This sheet includes the following charts:

Audrain County 2009 General Revenue Receipts
The pie chart provides a simple way to visualize the proportion of Audrain County's general revenues collected from each of the six revenue sources: sales tax, property tax, intergovernmental transfers, charges for services, interest and other. The chart provides both the dollar amount and the percentage of general revenues from each source. A wider mixture of receipts tends to provide more stable revenues because the county is not completely dependent on any single source of revenue that is affected by the economy, such as declining sales or property values. Generally property taxes are a more stable source of revenue than sales, however, when property values fall, they may be slower to recover than sales tax revenues.

The chart illustrates that Audrain County is generating minimal receipts from interest and small amounts from interest and from other revenues. Property taxes are 22 percent of revenues; sales taxes, 34 percent; intergovernmental revenues, 21 percent; and charges for services, 20 percent. This revenue portfolio is not overly dependent on a single source of revenue.

Audrain County 2009 General Revenue Expenditures
In this pie chart, eight general revenue expenditures are displayed: general government, law enforcement, court, fringe benefits, prosecuting attorney, public administrator and coroner, health welfare and "other," and operating transfers. These eight expenditure categories were merged from the 20 categories found in the Missouri State Auditor's report. The eight categories were created based on recommendations from local officials because 20 categories could not be displayed well.

Note
The disaggregated data can be found in the data sheets in the spreadsheet.

  1. General government includes the County Commission, County Clerk, Elections, Buildings and Grounds, Treasurer, Collector and Recorder.
  2. Law enforcement includes the Sheriff and Jail.
  3. Court expenditures include the Circuit Clerk, Associate Clerk, Court Administration and Juvenile Officer.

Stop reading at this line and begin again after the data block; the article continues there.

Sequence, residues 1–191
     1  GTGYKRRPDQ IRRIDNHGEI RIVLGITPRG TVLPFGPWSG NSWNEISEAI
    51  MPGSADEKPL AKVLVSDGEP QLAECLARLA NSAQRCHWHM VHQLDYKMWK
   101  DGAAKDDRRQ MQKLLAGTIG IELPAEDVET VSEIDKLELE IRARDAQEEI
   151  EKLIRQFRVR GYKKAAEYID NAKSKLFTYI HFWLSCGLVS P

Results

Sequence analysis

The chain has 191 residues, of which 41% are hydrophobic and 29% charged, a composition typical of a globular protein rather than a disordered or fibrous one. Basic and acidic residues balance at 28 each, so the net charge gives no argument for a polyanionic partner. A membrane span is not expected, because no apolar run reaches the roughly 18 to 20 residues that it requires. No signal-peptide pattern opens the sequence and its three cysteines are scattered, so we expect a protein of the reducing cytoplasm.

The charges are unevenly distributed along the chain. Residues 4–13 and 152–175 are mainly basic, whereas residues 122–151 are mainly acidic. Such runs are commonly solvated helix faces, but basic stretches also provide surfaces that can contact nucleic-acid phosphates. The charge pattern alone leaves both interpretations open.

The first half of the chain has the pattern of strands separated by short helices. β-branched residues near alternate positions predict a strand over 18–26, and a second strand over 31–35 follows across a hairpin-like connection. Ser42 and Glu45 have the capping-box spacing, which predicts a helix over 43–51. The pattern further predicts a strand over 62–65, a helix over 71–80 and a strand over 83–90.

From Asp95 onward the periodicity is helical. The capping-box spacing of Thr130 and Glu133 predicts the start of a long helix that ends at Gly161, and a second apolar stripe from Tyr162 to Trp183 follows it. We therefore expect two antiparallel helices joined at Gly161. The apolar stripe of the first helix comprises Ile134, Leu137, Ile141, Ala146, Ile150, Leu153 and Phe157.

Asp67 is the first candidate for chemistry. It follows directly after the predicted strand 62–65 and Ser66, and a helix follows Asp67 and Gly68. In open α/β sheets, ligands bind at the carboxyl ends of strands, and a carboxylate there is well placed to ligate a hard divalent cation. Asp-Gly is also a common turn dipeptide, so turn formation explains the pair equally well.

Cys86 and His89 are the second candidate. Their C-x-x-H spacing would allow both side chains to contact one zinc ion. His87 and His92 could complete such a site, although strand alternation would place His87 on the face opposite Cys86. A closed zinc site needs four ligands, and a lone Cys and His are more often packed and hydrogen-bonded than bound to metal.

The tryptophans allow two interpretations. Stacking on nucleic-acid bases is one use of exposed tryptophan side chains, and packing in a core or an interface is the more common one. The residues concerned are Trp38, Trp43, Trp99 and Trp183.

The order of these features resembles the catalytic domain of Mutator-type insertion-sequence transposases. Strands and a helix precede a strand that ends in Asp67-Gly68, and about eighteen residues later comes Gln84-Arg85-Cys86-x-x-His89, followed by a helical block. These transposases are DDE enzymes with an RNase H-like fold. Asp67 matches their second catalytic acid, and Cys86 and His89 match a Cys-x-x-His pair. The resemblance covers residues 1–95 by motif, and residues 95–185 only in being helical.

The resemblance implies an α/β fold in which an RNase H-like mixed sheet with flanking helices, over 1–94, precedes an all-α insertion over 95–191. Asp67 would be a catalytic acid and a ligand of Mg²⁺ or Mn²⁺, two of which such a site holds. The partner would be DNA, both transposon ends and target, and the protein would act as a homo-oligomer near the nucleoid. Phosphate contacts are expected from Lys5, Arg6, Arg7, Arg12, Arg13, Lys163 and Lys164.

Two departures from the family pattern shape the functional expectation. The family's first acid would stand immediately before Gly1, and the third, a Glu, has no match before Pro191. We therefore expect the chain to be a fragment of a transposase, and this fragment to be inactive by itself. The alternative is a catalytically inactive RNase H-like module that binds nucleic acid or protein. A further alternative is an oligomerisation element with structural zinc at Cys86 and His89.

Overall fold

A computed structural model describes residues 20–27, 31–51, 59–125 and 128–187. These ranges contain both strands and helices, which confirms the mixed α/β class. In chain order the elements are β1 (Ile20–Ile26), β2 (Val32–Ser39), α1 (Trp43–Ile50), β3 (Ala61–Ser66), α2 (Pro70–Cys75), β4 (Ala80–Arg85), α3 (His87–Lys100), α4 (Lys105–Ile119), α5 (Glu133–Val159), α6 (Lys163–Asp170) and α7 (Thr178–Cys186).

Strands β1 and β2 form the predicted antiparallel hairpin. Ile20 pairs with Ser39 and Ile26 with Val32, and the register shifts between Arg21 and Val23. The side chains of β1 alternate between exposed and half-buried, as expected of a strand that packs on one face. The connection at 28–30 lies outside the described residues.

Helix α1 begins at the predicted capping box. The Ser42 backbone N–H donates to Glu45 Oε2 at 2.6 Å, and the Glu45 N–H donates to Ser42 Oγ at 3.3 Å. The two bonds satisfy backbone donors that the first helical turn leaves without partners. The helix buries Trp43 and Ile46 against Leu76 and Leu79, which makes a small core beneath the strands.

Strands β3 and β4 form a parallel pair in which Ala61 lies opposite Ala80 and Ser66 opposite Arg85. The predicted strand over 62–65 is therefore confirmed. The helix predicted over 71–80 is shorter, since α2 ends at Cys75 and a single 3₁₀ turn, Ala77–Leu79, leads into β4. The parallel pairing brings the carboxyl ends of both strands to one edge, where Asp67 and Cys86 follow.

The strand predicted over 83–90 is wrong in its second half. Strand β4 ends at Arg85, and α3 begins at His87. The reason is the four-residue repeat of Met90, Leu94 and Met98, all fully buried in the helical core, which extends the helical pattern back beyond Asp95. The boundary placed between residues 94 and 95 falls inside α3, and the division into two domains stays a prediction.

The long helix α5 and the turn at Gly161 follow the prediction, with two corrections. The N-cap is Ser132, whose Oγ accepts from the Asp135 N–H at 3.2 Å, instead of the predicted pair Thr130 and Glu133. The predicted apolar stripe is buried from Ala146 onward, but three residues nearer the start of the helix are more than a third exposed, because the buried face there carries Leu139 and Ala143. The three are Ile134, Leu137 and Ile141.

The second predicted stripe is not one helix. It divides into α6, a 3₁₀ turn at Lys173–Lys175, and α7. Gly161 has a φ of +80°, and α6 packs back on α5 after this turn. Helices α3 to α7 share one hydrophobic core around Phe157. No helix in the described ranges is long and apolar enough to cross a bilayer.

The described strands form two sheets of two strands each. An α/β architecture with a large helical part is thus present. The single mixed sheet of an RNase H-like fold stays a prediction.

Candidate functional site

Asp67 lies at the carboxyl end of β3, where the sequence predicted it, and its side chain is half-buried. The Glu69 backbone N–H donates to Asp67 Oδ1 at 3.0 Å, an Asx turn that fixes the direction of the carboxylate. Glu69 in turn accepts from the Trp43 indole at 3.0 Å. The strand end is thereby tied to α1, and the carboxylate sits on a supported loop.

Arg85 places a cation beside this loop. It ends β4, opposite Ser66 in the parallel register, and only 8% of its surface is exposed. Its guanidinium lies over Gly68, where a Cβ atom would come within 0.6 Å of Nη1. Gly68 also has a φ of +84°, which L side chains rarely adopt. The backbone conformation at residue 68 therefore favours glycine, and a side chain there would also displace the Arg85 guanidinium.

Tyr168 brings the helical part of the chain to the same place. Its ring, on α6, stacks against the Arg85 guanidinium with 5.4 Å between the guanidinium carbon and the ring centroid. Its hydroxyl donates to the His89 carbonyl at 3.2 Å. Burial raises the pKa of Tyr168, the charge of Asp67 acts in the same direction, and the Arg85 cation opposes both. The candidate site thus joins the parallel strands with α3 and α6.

4. Health and Welfare is combined with "Other."
  5. Public Administrator and the Coroner are combined. Lastly,
  6. Fringe Benefits,
  7. Prosecuting Attorney,
  8. Operating Transfers were not aggregated.

This pie chart displays the amount and percentage spent for each category. The county may wish to examine each in detail and question whether expenditure levels appear reasonable. For example, operating transfer makes up 25 percent of Audrain's expenditures. Typically, operating transfers tend to make up a small percentage of a county budget, averaging 7 percent (Missouri Auditor's Report, 2005). Hence, it might be prudent to inquire why this category is so large and where the transferred funds are used. Last, it is notable that law enforcement accounts for 0 percent of Audrain's general revenue expenditures, and it appears that special sales taxes are being used to fund certain expenditures, such as law enforcement.

Audrain County General Revenue Receipts and Expenditures
The line chart depicts the relationship between Audrain County's expenditures and receipts, 1996-2009. These are nominal or current dollars; they have not been adjusted for inflation. There is an upward trend in the growth of expenditures and receipts, as well the tendency for receipts to exceed expenditures, except for 2003-2005. It is important to note that Missouri counties are bound by law to have a balanced budget. This explains why the receipts and expenditures tend to remain close. Cash balances from a previous year may be used to finance expenditures in later years.